Katherine Sarafian Talks Brave
With Pixar’s latest feature, Brave, hitting US theatres today, expectations are running high that the studio has yet another hit on its hands. Reviews have primarily been positive, though this decidedly “different” Pixar film has its share of critics. A directorial change involving Brenda Chapman, whose original story still forms the backbone of the movie, certainly adds to the notion that the production has been far from problem-free. Earlier this week I had a chance to sit down with Katherine Sarafian and talk about her stepping up as producer, deftly handling the mid-film directorial change and bringing Pixar’s Scottish epic to completion.
Dan Sarto: How did you first get involved in the film? What part of your career at Pixar do you feel prepared you to produce this film?
Katherine Sarafian: That’s a great question. I actually answered that in a journal entry I wrote to myself recently. I was thinking, “How did we pull this off?” From a personal and professional standpoint, this is one of those jobs, I’ve got to say, where everything I’ve done in my life to this point is what has prepared me for this. Producing this film was something that really called upon all of my abilities and talents and experiences more so than other jobs that I’ve done.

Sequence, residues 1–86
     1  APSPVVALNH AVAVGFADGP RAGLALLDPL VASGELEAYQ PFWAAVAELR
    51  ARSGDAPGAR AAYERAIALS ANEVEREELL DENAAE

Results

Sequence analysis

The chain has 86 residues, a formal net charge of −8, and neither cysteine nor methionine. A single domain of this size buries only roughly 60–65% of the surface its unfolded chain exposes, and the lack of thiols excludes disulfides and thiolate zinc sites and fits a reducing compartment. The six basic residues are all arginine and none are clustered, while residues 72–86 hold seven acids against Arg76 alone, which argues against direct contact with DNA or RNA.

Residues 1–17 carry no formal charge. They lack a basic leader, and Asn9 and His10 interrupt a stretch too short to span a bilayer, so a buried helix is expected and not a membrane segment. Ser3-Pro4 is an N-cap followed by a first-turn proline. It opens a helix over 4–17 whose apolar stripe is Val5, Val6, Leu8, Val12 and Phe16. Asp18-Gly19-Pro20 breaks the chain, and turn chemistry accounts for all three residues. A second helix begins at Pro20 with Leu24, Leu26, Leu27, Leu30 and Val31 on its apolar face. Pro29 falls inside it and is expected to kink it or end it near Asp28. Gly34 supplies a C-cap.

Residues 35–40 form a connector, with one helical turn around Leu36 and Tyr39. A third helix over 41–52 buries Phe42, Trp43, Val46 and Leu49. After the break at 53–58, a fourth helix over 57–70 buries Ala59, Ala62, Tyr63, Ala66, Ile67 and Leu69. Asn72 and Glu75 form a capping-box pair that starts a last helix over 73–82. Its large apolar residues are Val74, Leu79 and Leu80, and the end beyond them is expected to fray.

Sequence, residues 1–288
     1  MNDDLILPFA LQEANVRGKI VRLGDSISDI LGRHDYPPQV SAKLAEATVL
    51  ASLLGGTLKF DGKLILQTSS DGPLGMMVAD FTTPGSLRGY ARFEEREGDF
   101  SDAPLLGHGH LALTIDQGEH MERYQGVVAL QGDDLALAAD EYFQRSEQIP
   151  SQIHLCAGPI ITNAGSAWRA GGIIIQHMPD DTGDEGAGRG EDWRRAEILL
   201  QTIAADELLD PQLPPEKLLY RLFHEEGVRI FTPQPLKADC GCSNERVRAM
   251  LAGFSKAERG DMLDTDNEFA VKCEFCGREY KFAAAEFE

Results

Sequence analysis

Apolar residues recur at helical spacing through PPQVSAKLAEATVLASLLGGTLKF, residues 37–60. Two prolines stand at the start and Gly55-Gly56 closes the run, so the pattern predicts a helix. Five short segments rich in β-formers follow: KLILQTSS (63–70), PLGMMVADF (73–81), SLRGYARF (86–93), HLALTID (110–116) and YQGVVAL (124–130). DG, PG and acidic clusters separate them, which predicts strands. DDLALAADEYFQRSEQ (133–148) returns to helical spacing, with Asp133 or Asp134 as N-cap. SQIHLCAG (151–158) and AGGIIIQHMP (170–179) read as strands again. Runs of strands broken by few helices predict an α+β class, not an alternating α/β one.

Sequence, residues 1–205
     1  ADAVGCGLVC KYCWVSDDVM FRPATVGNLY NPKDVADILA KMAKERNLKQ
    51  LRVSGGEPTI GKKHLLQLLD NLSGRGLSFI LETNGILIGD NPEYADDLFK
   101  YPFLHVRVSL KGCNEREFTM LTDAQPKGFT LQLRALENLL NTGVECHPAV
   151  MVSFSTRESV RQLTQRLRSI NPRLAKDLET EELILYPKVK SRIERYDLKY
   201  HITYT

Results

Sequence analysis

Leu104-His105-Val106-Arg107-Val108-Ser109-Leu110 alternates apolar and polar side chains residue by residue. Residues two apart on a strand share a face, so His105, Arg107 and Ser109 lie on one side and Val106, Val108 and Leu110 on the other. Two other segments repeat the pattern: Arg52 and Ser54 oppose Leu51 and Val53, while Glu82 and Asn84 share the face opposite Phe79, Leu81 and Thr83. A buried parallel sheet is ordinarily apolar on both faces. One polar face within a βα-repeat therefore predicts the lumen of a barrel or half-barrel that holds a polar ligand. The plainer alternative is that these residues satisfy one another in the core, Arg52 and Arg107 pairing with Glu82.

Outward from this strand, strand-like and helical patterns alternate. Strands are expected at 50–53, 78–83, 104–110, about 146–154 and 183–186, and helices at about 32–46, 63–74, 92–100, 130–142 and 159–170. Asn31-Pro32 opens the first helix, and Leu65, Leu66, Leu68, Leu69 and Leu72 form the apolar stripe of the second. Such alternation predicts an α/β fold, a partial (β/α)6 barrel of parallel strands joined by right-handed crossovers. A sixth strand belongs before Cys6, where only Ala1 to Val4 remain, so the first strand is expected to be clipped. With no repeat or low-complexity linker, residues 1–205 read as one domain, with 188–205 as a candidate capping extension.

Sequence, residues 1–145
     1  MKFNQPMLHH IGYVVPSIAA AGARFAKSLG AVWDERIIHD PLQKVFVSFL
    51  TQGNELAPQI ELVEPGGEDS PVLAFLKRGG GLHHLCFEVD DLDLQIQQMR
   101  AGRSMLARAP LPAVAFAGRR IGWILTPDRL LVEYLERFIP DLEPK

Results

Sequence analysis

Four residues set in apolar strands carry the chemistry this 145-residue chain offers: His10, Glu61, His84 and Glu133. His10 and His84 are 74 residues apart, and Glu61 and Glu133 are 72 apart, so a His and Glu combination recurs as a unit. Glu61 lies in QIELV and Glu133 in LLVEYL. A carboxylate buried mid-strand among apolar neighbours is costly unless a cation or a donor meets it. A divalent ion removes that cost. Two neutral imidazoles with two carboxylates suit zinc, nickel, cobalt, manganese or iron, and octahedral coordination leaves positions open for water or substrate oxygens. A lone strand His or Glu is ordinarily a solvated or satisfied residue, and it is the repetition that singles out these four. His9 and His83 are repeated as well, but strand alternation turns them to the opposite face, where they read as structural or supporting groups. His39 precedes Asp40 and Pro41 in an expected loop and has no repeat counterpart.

My professional preparation really involved working my way up through the ranks at the studio. I’ve spent 18 years at Pixar. Starting from Toy Story, having a front row seat, actually a back row seat in my case. I was writing notes in animation dailies. When you watch John Lasseter direct a movie, even as early as Toy Story, when we as a studio were still figuring out, “How do we do this? How does this work? What are our processes, what are our routines?” Morning dailies? OK, that’s a routine. That’s what we do. Take notes, see what kind of stuff you would look at to plus a scene. Someone would say, “Move slinky dog to the left.” To me that’s good direction. To John, it’s “As slinky dog moves left, we’re going to do blah blah blah that evokes the personality, the meaning of the scene, his motivation...” I’m like, “What? Wow!” So it was occurring to me from the first day I was there, I had a front row seat to that process as my animation education. Then, working my way up through Pixar, working for great mentors, great people, has provided a lot of my preparation.
I’d say one of the most helpful pieces of business I ever did was being the art department manager on A Bug’s Life. It came out in 1998, which is a long time ago. And yet, a lot of my big, big learning about how the relationships [on a movie crew] work, how the artists at Pixar think, and how we get that on the screen, came from managing production designers and art directors. That was really helpful. That art and the story art, they go hand in hand, they’re everything, providing the blueprints for our technical teams. If those relationships don’t work, that communication doesn’t work, because they speak different languages, science and art, then we’re nowhere. So my ability and role as facilitator, a conduit, a translator, called on all my skills.